At the same time other Communists pointed out to me that they had nothing to do with the situation in Manchuria because they did not control the foreign relations of China and that settlement in [Page 515] Manchuria depended upon diplomatic negotiations. They went on to say that they had proposed an extension of the “truce-team” technique to Manchuria, but when questioned as to how this could operate in the face of Russian occupation they immediately returned to the point that this was a diplomatic question for the Central Government and they had no authority nor responsibility. They also professed to have no knowledge of reported Russian stripping of Manchurian industries or Russian demands for joint Sino-Soviet development companies for Manchuria.

Although Chou En-lai has stated to me, and later to Til Durdin of the New York Times, that he wished an immediate withdrawal of Russian troops from Manchuria, General Chu Teh83 at Yenan stated to another foreign correspondent that General Chou was mistaken in this announcement. Chou’s statement, as far as I am aware, has received no publicity in the Communist press.

During the past two years as more information became available about their areas in the north, the Communists have built up in China and abroad a vast fund of good will among non-Communists; in China this has even extended to many members of the Kuomintang and was particularly true within the Democratic League. At the present time the Communists appear to be alienating this good will because of their silence concerning Russian activities in Manchuria and playing directly into the hands of the CC Clique or other Chinese elements who are disgruntled with the PCC and military reorganization programs. There are two possible broad explanations:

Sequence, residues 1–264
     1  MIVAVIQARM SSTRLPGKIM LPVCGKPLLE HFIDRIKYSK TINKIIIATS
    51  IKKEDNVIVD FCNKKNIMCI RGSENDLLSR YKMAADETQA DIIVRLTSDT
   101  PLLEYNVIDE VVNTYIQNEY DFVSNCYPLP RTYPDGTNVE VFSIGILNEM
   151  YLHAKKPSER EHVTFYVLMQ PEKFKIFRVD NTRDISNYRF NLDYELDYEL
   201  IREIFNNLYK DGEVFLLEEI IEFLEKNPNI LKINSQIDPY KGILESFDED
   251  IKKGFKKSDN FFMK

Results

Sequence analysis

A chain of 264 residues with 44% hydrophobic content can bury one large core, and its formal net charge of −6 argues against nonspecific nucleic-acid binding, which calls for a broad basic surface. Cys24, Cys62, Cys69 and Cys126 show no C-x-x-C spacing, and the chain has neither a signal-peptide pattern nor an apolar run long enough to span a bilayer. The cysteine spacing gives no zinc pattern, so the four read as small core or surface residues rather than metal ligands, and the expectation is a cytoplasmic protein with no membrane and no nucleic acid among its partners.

Collusion with the Russians in Manchuria in order eventually to establish a satellite state similar to those of eastern Europe.
Conflict within the Party itself between pro-Russian and nationalist elements with the former in temporary ascendency.

I hesitate to accept either explanation completely in the absence of more evidence than that now available, but certainly recent trends in Chinese Communist propaganda and news releases shows a closer connection with Soviet policy statements than has been evident in recent years. No Communist leader has been able to present me with any reasonable explanation of the phenomenal expansion of Communist strength in Manchuria. In January of 1945 I was in a Communist area close to Peiping and the Political Commissar of the Shansi-Chahar-Hopei Communist Base area informed me that Communist operations were impossible in Manchuria at that time. He also stated that on at least six separate occasions they had sent parties into Manchuria to attempt to contact guerilla units reported to be operating in eastern Manchuria in the Long White Mountain range; these parties [Page 516] were unsuccessful in making any contact with any organized guerilla activity in Manchuria and Communist plans for expansion into Manchuria were abandoned as hopeless.

Local Communists, including General Chou, now profess to have no knowledge of where the arms for 300,000 men in Manchuria could have been obtained, and when questioned there is a marked tendency to weasel out of the Yenan statement of February 14th by suggesting that large bodies of these troops may not possess arms at all.

It seems to me that the time has arrived for the Communists to make it clear whether they are primarily Chinese nationalist-reformers following Communist ideology or whether they are a satellite force of Russian expansion in Asia, but it is extremely doubtful that such a clear-cut definition of position can be obtained from any Chinese. Mutual suspicion, always present on the scene, is now being intensified and may well wreck the good work already accomplished in China proper.

Raymond P. Ludden
  1. Commander in Chief of the Chinese Communist armies.